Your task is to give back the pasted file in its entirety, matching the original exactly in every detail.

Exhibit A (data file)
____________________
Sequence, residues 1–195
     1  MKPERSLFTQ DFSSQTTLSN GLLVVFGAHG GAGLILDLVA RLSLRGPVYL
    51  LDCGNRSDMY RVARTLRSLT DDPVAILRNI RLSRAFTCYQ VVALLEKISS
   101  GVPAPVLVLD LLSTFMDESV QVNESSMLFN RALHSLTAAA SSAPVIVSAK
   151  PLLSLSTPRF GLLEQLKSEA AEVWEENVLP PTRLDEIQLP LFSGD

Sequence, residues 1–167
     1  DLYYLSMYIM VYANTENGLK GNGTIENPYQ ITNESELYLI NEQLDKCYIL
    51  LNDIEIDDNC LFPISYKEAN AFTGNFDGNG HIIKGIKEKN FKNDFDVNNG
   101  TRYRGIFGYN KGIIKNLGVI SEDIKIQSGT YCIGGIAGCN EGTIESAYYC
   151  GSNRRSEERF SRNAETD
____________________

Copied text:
Sequence, residues 1–195
     1  MKPERSLFTQ DFSSQTTLSN GLLVVFGAHG GAGLILDLVA RLSLRGPVYL
    51  LDCGNRSDMY RVARTLRSLT DDPVAILRNI RLSRAFTCYQ VVALLEKISS
   101  GVPAPVLVLD LLSTFMDESV QVNESSMLFN RALHSLTAAA SSAPVIVSAK
   151  PLLSLSTPRF GLLEQLKSEA AEVWEENVLP PTRLDEIQLP LFSGD

Sequence, residues 1–167
     1  DLYYLSMYIM VYANTENGLK GNGTIENPYQ ITNESELYLI NEQLDKCYIL
    51  LNDIEIDDNC LFPISYKEAN AFTGNFDGNG HIIKGIKEKN FKNDFDVNNG
   101  TRYRGIFGYN KGIIKNLGVI SEDIKIQSGT YCIGGIAGCN EGTIESAYYC
   151  GSNRRSEERF SRNAETD